Wednesday, December 07, 2005

Light and Darkness

Last night our power went out around 7:30, and was still out when we went to bed. I was returning home from class and drove through miles of eerie, inky darkness. We're having what passes for a cold snap here, so the house was getting pretty chilly when I got home. I found Enrico bundled up in fleece, extra blankets on the bed, in the dark, listening to the iPod. We lit some candles around the house and found a battery-powered radio. We went to bed knowing that we had a battery-powered alarm clock to get us up. It was cozy.

However, I must say, I learned a few things. One, I need to keep more batteries around the house. Two, I really hope the big earthquake comes during the summer months. It's partly the problem of the cold, but more importantly, having no power during the time of year when we get a mere 8 hours of sunlight would really suck on a long-term basis. Sitting there reading my book by candle lantern and battery-powered head lamp, I thought about the people living in dark, cold, northern climes before electricity. You'd probably develop highly evolved conversation and story-telling skills, and get lots of sleep, and become great at word games. But I have to believe there's just a lot of boredom involved in living with that much cold darkness.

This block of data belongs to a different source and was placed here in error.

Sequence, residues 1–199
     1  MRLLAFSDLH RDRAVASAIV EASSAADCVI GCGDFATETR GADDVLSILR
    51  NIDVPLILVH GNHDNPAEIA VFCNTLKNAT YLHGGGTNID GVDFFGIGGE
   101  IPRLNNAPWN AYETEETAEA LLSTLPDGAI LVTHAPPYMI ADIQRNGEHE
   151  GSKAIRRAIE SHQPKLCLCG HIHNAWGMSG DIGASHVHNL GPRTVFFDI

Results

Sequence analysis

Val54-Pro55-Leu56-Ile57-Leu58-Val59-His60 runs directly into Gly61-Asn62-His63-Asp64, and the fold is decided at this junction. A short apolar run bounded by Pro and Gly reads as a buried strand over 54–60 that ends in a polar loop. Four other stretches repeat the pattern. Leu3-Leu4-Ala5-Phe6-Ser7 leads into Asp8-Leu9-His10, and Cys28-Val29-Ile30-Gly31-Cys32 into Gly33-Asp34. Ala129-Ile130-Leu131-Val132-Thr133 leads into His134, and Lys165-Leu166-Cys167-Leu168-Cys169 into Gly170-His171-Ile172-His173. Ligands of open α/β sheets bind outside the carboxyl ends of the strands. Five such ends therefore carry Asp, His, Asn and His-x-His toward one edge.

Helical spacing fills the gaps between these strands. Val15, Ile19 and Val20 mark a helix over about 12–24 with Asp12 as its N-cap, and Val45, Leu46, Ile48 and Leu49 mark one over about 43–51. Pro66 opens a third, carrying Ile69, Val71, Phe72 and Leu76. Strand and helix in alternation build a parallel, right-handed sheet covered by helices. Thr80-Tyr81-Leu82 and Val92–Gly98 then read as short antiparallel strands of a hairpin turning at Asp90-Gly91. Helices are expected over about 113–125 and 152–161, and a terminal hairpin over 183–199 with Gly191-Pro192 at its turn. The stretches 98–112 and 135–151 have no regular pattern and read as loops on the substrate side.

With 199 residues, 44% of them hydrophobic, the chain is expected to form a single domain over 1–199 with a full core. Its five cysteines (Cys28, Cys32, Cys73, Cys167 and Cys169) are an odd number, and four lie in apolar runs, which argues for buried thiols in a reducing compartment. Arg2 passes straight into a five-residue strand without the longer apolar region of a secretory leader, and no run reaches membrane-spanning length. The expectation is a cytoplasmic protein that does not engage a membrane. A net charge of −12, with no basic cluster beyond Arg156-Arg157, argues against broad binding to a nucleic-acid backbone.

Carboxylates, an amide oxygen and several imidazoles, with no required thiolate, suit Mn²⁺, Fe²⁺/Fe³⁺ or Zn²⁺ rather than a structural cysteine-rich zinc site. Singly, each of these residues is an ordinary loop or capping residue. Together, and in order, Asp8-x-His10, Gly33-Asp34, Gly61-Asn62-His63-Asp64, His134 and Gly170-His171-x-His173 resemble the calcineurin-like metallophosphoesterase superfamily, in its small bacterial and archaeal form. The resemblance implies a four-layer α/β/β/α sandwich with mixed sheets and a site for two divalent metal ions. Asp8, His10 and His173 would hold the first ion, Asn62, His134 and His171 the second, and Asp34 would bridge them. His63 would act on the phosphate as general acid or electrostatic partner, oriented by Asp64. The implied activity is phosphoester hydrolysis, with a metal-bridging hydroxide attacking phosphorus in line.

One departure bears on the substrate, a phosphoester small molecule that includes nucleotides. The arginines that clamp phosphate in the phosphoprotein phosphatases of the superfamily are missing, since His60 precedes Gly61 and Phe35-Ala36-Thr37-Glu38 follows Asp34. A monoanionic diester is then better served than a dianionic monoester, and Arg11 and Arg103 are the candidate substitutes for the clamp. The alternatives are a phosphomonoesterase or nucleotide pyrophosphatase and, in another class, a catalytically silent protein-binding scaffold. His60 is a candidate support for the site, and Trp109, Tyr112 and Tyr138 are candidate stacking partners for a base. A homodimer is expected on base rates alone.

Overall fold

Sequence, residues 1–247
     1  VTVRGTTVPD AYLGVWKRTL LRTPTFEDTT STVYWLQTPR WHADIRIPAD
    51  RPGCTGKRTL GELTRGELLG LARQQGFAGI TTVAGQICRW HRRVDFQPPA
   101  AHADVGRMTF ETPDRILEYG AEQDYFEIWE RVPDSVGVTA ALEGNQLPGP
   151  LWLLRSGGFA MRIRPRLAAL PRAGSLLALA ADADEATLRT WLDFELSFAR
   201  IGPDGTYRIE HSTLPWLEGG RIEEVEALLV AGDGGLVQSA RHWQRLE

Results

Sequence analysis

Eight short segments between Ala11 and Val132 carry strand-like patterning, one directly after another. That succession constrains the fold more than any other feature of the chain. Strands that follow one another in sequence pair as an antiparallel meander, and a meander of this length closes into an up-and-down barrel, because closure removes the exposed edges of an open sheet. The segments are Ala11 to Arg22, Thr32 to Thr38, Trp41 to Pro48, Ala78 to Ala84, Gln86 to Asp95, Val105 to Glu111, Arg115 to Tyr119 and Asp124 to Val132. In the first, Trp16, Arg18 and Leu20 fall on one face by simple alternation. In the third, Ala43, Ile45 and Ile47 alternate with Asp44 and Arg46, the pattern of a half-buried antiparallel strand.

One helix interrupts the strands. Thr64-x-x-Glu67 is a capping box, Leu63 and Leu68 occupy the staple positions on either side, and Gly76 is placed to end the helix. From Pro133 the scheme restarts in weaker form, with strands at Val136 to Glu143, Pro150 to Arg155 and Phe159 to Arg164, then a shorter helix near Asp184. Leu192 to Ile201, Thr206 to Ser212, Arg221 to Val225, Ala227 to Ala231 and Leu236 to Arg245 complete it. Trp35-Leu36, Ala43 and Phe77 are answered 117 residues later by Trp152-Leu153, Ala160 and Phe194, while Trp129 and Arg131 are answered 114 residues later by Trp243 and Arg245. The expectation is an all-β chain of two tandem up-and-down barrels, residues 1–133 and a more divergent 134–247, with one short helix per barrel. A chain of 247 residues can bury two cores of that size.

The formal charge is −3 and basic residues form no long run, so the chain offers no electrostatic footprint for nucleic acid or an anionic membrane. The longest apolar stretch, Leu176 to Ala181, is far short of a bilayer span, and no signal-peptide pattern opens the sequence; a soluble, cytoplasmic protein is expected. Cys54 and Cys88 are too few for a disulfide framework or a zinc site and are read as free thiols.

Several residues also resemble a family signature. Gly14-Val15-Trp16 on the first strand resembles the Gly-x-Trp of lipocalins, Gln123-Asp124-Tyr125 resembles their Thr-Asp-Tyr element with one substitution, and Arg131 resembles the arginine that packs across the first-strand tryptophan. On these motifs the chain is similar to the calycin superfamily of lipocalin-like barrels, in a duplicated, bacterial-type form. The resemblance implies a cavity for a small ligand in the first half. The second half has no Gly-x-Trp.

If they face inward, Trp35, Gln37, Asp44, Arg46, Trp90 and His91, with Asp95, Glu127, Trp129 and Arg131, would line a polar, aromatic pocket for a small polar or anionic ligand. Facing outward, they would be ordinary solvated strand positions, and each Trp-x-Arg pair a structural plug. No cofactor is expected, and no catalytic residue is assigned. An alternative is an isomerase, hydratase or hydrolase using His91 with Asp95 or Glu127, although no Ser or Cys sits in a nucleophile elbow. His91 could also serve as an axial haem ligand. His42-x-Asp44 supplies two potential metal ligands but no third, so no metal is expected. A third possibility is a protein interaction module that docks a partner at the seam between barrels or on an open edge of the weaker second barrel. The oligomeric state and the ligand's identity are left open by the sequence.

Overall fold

It made me appreciate the Advent season - the Christian incarnation of this time of diminishing light. I'm sure that going back to the beginning of human time, people have marked this period, when the days get shorter and shorter, and the darkness seems to be winning the battle. What if the sun just kept disappearing, the days diminishing to nothing instead of getting longer again? At some point in human history, this must have genuinely seemed like a possibility. Hence all of the rituals around light - the Advent candles, the menora - that compensate for the diminishing sun, encourage it to come back. And meanwhile, you embrace the dark, the waiting, the introspection that inevitably comes from being stuck indoors with your own thoughts under a lot of blankets, with little to do.

And then, imperceptibly, the days get longer. The sun is returning, and has not abandoned its children on earth. So of course - you have a big honkin' holiday to celebrate. You create stories and metaphors about the coming of light, of new life, new beginnings. It all makes perfect sense.

No comments: